Skip To Content

Economic Landscape August 2021

MANUFACTURING

  • The manufacturing economy expanded for the 14th consecutive month as the ISM PMI registered 59.5% for July.  New orders and new export orders remained strong, inventory levels stayed low, and backlogs got more backlogged. Employment improved from the previous month, and while input prices continue to rise, the pace was less blistering in July compared to June.   
  • Led by strong gains in the manufacturing sector, industrial production increased 0.9% in July following a 0.2% rise for June.  Factory output rose 1.4% with roughly half the increase attributable to the 11.2% jump in motor vehicle and parts assemblies. Mining production gained 1.2% in July, while utilities output declined 2.1%. The capacity utilization rate advanced by 0.7 percentage points to 76.1%, which is 3.5 percentage points below the 1972-2020 average.

 

LABOR MARKETS

  • July nonfarm payrolls increased by 943,000 led by gains in leisure & hospitality (+380,000); local government education (+221,000); professional & business services (+60,000); transportation & warehousing (+50,000); private education (+40,000); other services (+39,000); health care (+37,000); and manufacturing (+27,000). Payroll employment figures were revised higher for May and June resulting in a combined 119,000 more jobs than previously reported.  The deficit from February 2020 - the last cyclical employment peak - is down to 5.7 million jobs. The official unemployment rate dropped by 0.5 percentage points to 5.4% while the labor force participation rate edged up 61.7%.

 

PRICES

  • Following a 0.9% surge in June, the Consumer Price Index increased 0.5% in July.  Food prices rose 0.7% with groceries up 0.7% and restaurant prices up 0.8%. The consumer energy index climbed 1.6% in July with prices higher for gasoline (+2.4%), natural gas (+2.2%), and electricity (+0.4%). The July 0.3% increase in core consumer prices is the smallest monthly gain in four months.  Within the core index, prices rose for new vehicles (+1.7%), but leveled off a bit for used cars and trucks (+0.2%) following three straight months of aggressive gains. The costs for shelter, education, communication, tobacco, and alcoholic beverages also increased in July.  Headline CPI rose 5.4% over the last 12 months, and core CPI is up 4.3%.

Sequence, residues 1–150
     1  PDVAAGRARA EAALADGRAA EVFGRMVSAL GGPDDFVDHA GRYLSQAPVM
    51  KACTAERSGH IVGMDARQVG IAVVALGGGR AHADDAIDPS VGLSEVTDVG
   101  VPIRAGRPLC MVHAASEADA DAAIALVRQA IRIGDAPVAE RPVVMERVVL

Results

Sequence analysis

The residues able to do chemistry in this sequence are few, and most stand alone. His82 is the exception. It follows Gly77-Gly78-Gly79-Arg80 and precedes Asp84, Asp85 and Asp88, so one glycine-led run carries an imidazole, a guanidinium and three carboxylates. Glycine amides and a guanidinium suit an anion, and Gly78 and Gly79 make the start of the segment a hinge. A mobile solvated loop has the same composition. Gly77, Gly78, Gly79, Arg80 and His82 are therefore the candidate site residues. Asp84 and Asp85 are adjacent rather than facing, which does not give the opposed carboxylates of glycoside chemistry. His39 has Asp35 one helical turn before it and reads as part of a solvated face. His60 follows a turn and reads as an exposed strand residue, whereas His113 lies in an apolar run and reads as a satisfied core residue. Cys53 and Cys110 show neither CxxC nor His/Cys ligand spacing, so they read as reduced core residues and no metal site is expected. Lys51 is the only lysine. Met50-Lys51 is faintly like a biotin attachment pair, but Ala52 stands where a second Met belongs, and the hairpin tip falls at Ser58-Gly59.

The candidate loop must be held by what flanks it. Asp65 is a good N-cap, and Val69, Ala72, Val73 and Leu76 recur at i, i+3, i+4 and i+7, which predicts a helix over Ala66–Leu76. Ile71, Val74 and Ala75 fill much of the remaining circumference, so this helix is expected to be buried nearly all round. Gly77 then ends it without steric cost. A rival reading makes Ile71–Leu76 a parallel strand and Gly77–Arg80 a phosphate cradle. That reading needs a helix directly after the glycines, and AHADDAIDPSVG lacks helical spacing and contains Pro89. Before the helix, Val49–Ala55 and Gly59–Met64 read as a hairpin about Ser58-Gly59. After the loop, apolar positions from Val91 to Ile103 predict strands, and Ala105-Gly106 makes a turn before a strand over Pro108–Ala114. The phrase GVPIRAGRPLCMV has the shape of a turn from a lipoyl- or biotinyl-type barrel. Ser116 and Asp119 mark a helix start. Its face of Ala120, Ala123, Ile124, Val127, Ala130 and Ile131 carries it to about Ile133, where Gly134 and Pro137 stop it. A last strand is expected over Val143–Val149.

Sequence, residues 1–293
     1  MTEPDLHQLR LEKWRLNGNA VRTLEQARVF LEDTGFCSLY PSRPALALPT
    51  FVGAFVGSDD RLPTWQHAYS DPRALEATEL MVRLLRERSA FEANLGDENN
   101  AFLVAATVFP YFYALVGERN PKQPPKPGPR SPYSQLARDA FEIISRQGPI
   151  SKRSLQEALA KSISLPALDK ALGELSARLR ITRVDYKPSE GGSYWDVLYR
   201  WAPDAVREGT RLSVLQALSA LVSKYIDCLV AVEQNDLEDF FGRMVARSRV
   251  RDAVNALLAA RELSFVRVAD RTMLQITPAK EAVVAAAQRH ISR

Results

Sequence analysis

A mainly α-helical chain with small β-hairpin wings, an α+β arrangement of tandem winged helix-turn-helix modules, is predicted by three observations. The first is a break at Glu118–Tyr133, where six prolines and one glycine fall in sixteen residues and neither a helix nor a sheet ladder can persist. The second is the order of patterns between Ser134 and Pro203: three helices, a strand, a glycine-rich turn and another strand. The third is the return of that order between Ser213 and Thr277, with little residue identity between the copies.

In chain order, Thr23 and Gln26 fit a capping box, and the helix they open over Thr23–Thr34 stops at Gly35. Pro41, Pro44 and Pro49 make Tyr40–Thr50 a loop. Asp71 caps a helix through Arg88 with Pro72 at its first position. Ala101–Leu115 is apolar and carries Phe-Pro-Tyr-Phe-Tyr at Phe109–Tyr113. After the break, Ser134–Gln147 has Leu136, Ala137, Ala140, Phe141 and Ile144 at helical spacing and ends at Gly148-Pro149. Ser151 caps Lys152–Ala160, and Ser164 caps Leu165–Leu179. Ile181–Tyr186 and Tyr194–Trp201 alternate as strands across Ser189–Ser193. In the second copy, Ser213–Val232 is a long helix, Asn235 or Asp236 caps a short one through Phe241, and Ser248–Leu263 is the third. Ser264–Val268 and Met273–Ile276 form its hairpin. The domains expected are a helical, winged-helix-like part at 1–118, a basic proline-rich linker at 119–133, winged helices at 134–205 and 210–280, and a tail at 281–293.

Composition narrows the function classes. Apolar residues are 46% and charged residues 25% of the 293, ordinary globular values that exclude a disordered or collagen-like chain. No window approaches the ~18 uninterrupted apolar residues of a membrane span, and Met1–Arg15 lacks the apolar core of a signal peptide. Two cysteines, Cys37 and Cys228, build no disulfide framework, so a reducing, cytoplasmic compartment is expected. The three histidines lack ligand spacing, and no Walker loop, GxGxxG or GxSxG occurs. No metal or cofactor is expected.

• The Producer Price Index rose by 1.0% in July, largely attributable to the 1.1% rise in services. Service margins increased and prices for transportation and warehousing advanced. The index for goods rose 0.6% as the higher prices for energy goods and core goods more than offset the decline in food prices.  Prices for U.S. imports increased 0.3% in July, the smallest monthly gain since November 2020, as fuel import prices rose 2.9% and nonfuel import prices were largely unchanged. U.S. export prices increased 1.3% as agricultural export prices dropped by 1.7% while nonagricultural export prices gained 1.6%.

 

SALES

  • Retail sales declined by 1.1% in July.  Auto sector sales fell 3.9%, leaving sales ex autos down 0.4% for the month. Sales declined across a broad array of retail lines including furniture; building material, garden equipment, & supplies; groceries; clothing; sporting goods, hobby, musical instruments, & books; department stores; and nonstore retailers. Bar and restaurant sales increased 1.7% in July, supporting the idea that consumers are shifting demand from goods to services, and gas station sales rose 2.4%.

 

HOT AND STICKY

The economy continues to recover and grow, though some activity may plateau as rising instances of Delta variant COVID affects confidence or raises concerns about economic disruption though nothing of the magnitude we experienced last year. Consumer spending should continue to trend higher for services, as there is still an element of pent up demand.  The shift in spending from goods to services may contribute to a little relief in pricing pressures, but meaningful moderation in prices won’t occur until supply chains become functional again.  Moreover, with labor in short supply, wage pressure should remain sticky.

Download this report